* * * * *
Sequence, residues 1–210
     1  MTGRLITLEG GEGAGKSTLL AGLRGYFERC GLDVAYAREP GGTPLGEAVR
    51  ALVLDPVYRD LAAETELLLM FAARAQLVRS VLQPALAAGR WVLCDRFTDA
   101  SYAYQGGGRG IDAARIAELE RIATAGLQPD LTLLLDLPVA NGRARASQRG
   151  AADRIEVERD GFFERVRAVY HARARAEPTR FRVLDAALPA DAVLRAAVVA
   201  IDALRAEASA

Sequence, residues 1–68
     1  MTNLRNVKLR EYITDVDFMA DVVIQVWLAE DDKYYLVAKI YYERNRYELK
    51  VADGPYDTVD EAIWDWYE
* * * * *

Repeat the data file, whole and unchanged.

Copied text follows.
Sequence, residues 1–210
     1  MTGRLITLEG GEGAGKSTLL AGLRGYFERC GLDVAYAREP GGTPLGEAVR
    51  ALVLDPVYRD LAAETELLLM FAARAQLVRS VLQPALAAGR WVLCDRFTDA
   101  SYAYQGGGRG IDAARIAELE RIATAGLQPD LTLLLDLPVA NGRARASQRG
   151  AADRIEVERD GFFERVRAVY HARARAEPTR FRVLDAALPA DAVLRAAVVA
   201  IDALRAEASA

Sequence, residues 1–68
     1  MTNLRNVKLR EYITDVDFMA DVVIQVWLAE DDKYYLVAKI YYERNRYELK
    51  VADGPYDTVD EAIWDWYE